Biotic homogenization of upland vegetation: patterns and drivers at multiple spatial scales over five decades
Article first published online: 2 FEB 2012
© 2012 International Association for Vegetation Science
Journal of Vegetation Science
Volume 23, Issue 4, pages 755–770, August 2012
How to Cite
Ross, L. C., Woodin, S. J., Hester, A. J., Thompson, D. B.A., Birks, H. J. B. (2012), Biotic homogenization of upland vegetation: patterns and drivers at multiple spatial scales over five decades. Journal of Vegetation Science, 23: 755–770. doi: 10.1111/j.1654-1103.2012.01390.x
- Issue published online: 3 JUL 2012
- Article first published online: 2 FEB 2012
- Manuscript Accepted: 16 DEC 2011
- Manuscript Received: 15 MAR 2011
- CASE studentship with Scottish Natural Heritage
- Ellenberg indicator values;
- environmental change;
- multivariate analysis;
- re-sampling study;
- species attributes
Is there evidence for biotic homogenization of upland vegetation? Do the magnitude and nature of floristic and compositional change vary between vegetation types? What can be inferred about the drivers responsible for the observed changes?
Upland heath, mire and grassland communities of the northwest Highlands of Scotland, UK.
We re-survey plots first described in a phytosociological study of 1956–1958 to assess the changes in plant species composition over the last 50 yr in five major upland vegetation types. Using a combination of multivariate analysis, dissimilarity measures, diversity metrics and published data on species attributes; we quantify, characterize and link potential drivers of environmental change with the observed changes in species composition.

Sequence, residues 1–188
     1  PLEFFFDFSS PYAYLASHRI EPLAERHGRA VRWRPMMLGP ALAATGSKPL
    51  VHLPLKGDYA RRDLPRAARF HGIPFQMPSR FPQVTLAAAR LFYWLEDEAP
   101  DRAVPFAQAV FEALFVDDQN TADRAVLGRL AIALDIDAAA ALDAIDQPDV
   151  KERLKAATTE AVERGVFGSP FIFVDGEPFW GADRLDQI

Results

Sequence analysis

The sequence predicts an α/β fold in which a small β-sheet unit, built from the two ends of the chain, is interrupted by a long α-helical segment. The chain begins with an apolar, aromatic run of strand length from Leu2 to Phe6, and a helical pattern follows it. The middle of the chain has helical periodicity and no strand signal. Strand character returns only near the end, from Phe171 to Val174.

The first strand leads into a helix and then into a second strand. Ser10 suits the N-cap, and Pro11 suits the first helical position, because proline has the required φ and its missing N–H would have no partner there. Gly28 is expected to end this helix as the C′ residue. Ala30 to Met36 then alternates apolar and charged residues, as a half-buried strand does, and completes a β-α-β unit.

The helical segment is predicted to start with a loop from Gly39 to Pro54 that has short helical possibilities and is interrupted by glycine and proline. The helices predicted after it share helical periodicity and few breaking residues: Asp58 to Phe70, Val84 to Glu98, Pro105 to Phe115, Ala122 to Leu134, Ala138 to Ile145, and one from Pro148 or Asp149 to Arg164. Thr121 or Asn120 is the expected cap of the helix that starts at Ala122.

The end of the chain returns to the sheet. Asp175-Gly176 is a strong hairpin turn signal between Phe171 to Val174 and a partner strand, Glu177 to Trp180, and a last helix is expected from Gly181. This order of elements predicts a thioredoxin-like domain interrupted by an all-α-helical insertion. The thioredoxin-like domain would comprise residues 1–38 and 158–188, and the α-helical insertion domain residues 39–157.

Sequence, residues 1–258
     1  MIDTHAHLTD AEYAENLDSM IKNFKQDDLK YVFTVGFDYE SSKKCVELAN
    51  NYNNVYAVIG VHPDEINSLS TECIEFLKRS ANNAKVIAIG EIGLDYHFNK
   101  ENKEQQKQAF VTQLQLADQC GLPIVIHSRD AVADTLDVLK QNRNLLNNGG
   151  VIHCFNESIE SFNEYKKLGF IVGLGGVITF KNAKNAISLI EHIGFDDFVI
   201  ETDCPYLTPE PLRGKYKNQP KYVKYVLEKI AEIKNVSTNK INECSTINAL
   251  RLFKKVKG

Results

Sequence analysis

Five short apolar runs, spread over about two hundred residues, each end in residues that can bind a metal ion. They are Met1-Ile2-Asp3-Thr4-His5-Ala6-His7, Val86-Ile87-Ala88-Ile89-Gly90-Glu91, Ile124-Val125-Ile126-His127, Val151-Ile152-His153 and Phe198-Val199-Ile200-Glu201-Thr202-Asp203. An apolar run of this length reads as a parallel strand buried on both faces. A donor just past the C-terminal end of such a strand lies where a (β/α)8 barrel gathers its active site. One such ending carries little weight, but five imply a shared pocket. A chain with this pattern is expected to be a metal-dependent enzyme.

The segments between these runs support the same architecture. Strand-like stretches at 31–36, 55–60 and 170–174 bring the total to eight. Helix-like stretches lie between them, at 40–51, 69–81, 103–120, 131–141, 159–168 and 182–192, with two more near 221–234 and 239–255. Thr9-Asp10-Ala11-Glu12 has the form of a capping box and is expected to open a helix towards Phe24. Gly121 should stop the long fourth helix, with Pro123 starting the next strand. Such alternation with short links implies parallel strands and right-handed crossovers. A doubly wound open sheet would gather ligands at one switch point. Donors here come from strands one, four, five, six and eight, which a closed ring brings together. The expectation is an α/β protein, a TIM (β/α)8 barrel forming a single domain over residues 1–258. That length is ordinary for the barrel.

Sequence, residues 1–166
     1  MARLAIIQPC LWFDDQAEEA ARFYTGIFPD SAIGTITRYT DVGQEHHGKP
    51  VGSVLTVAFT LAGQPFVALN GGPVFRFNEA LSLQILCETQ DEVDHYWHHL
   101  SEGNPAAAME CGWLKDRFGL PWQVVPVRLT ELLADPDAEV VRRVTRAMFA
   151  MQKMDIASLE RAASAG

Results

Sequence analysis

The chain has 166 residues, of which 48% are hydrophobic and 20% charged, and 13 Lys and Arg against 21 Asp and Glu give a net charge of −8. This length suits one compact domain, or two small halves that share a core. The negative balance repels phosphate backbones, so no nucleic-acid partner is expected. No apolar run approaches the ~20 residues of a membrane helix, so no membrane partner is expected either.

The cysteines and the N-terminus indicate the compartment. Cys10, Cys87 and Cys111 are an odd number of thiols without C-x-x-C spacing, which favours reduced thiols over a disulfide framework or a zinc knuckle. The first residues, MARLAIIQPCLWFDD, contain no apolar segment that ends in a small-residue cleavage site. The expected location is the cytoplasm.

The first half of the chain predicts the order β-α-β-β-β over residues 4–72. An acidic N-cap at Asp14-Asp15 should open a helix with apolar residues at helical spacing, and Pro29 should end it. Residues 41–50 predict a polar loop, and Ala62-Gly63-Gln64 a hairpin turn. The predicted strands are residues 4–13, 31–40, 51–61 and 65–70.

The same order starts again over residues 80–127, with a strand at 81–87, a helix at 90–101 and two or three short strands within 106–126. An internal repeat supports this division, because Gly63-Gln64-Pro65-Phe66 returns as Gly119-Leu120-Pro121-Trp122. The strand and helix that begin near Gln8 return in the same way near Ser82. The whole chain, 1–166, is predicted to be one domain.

Grassland and heath vegetation declined in species richness and variation in community composition, while mires showed little change. Previously distinct vegetation types became more similar in composition, characterized by the increased dominance of generalist upland graminoids and reduced dwarf-shrub, forb and lichen cover, although novel assemblages were not apparent. Species with an oceanic distribution increased at the expense of those with an arctic-montane distribution. Temperature, precipitation and acidity were found to be potentially important in explaining changes in species composition: species that had undergone the greatest increases had a preference for warmer, drier and more acidic conditions.
The vegetation of the northwest Scottish Highlands has undergone marked biotic homogenization over the last 50 yr, manifested through a loss of various aspects of diversity at the local, community and landscape scales. The magnitude of change varies between vegetation types, although the nature of change shows many similar characteristics. Analyses of species attributes suggest these changes are driven by climate warming and acidification, although over-grazing may also be important. This study highlights the importance of the link between the loss of plant diversity and homogenization at multiple scales, and demonstrates that boreal heath communities are particularly at risk from these processes.